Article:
|M.Sc Student||Matza Lihi|
|Subject||Planning Culture in Israel in the Neoliberal Era: Urban|
Industrial Area Regeneration as a Case Study
|Department||Department of Architecture and Town Planning||Supervisor||Professor Efrat Eizenberg|
|Full Thesis text - in Hebrew|
Under the global economic restructuring and neoliberalization of recent decades, the ability of cities to provide services for their residents became highly dependent on their capacity to generate income. Since urban land is perceived as one of the greatest assets of cities, the pursuit after income has become tightly connected to urban development practices and the associated planning culture. This change is evident in urban industrial area regeneration projects. In the last three decades, these projects are also prominent in the Israeli milieu. While in other parts of the world, the intensification of the phenomenon has led to an increasing academic interest, focusing on different aspects of both the regeneration process and its outcomes, in Israel, the academic discussion on this phenomenon is underdeveloped.
To address this gap, this research examines Israel’s planning culture in the neoliberal era as reflected in regeneration projects of urban industrial areas. For this purpose, the research focuses on four main goals: characterizing the planning visions for the renewed areas, examining the strategies and actions used to promote their regeneration, identifying the actors involved and the role they play in the process, and surfacing the main tensions and challenges characterizing it.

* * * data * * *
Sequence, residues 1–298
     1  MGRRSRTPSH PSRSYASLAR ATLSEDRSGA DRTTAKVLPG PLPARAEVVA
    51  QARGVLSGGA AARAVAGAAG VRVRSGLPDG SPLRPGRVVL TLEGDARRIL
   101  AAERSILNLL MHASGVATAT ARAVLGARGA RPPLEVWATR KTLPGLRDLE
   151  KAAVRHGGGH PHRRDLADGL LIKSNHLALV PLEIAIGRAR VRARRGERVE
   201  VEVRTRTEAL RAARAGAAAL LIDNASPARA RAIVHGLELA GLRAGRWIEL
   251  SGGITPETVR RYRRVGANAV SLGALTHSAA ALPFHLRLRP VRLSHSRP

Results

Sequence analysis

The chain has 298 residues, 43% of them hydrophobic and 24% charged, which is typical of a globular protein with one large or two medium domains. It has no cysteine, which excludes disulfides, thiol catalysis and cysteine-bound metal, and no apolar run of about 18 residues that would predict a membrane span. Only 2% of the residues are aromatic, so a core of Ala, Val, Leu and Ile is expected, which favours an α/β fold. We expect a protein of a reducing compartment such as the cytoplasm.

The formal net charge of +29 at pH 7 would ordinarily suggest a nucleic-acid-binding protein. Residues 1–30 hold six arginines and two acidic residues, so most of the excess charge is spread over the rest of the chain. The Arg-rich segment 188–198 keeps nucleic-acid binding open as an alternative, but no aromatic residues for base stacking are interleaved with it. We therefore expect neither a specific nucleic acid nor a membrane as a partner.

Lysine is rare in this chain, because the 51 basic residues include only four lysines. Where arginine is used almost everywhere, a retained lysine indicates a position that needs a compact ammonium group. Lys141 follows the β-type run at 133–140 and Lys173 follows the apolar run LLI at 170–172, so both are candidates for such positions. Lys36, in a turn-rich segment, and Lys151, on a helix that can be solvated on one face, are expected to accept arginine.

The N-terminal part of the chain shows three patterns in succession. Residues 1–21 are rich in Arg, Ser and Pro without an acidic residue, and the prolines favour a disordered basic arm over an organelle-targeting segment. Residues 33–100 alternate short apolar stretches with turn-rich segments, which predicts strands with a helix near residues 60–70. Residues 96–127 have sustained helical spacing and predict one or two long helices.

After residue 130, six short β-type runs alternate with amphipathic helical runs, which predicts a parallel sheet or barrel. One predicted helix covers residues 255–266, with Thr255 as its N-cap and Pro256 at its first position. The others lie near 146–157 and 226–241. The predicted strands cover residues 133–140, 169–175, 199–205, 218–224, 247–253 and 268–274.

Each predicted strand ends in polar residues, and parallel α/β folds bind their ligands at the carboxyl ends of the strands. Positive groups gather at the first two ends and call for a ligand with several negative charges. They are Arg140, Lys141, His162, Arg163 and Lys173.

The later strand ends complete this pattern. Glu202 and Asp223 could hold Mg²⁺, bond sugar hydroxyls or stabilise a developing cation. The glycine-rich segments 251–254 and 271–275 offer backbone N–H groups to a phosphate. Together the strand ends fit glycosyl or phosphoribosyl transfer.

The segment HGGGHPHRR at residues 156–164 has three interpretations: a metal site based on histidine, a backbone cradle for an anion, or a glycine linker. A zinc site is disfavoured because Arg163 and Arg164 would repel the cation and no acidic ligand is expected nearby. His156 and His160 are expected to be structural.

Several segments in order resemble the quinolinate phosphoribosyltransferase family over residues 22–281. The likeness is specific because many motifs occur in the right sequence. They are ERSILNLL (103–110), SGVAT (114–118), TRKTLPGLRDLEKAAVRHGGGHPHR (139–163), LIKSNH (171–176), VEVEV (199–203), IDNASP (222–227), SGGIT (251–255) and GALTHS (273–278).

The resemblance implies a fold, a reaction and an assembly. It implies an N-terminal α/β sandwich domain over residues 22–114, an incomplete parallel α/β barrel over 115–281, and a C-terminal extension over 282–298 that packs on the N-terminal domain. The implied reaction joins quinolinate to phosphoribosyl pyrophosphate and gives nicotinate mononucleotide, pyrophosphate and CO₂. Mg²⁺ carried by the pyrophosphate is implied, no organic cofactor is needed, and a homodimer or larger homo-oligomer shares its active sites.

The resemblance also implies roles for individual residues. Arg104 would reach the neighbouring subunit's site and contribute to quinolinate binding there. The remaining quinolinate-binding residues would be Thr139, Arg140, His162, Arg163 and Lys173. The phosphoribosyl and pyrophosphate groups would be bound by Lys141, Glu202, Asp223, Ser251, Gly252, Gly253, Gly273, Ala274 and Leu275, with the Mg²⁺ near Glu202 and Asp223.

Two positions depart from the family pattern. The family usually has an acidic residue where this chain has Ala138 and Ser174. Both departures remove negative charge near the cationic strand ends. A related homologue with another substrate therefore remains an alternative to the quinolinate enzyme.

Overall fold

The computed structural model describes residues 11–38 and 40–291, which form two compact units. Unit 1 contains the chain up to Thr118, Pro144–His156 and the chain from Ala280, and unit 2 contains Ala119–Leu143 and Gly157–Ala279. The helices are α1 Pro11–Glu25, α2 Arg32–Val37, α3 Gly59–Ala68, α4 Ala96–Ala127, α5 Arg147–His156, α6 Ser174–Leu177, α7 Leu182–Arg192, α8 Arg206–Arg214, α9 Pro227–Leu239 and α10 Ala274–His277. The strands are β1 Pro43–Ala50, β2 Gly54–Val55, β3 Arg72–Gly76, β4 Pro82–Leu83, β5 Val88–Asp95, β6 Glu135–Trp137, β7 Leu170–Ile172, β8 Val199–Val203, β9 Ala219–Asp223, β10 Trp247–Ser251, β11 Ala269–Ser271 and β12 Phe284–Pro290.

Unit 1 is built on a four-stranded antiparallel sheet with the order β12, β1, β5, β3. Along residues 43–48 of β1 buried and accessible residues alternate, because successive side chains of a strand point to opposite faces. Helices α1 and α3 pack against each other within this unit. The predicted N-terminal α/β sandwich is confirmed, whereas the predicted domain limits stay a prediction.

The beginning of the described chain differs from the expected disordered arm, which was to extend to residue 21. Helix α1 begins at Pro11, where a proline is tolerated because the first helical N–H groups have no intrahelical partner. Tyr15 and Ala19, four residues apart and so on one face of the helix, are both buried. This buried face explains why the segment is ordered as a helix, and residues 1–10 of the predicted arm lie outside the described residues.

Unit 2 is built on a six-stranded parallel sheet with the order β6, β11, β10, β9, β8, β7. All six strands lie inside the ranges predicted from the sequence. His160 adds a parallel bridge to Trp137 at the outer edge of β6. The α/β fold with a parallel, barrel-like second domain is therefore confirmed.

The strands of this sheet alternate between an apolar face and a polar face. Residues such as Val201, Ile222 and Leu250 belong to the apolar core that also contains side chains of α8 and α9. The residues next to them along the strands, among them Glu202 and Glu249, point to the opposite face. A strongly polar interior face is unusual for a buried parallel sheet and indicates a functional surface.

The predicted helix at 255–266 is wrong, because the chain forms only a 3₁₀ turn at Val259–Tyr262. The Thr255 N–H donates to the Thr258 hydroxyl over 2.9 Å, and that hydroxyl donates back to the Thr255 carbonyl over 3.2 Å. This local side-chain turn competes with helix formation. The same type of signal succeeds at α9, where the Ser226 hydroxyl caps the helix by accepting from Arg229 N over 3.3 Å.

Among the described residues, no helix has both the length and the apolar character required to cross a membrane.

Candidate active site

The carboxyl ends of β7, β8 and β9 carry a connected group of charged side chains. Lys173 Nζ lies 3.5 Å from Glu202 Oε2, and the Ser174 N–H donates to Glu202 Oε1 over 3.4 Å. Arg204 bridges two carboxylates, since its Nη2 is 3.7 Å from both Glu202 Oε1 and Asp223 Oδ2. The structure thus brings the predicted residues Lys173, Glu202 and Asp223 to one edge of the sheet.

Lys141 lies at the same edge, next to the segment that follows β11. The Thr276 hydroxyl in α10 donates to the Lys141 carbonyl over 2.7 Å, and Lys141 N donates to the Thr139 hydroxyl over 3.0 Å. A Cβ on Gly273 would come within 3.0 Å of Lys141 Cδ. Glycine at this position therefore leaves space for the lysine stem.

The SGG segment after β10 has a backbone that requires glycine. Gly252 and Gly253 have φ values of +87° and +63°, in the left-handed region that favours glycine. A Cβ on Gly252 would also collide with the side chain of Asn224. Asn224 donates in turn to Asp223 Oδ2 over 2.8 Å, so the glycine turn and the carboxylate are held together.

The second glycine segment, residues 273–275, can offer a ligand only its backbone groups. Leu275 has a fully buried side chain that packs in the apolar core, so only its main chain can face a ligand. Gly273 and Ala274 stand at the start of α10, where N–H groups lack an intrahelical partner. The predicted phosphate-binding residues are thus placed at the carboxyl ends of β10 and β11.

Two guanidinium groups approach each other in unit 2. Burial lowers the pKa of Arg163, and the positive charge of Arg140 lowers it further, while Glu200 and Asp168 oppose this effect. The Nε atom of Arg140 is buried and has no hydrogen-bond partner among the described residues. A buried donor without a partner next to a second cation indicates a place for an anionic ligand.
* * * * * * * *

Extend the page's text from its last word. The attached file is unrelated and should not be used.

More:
To do so, the research examines regeneration projects in three Israeli cities: Kiryat Bialik, Netanya and Bat Yam, using several qualitative methods: thematic-conceptual analysis of planning committees’ protocols and semi-structured interviews held with urban planners and policy leaders and quantitative and spatial analysis of relevant blueprints. Archival documents and newspaper articles were also collected to shed more light on the history of the case studies.
The findings indicate that the main planning vision intended for the renewed area is to serve as an economic growth engine for the whole city. To realize this vision, the local authority is dependent on the arrival of the private sector. Therefore, attracting private actors such as investors and high-profile companies has become a prominent consideration in the planning decisions and actions of the local authority to promote the regeneration project.
Although statutory planning is used to redefine the functional and spatial character of the industrial area and in this way to magnify its attractiveness, it is not considered a sufficient tool to realize the project or to maintain its success over time. Two characteristics are perceived as crucial to achieve the latter two goals: flexibility and fast response. This realization drives the local authority to take different actions in order to be as flexible and responsive as possible to private sector demands. These actions, the perceptions behind them, and the conflicts and tensions characterizing their use, raise crucial questions about the role and power of comprehensive planning in the current competitive era.
Based on the assumptions, tools and tensions characterizing the regeneration project, the research discusses the ways in which the Israeli planning culture responds and adjusts itself to the growing dependency on the private sector. By doing so, the research contributes to better understanding the way neo-liberal ideas are penetrating the field of urban planning.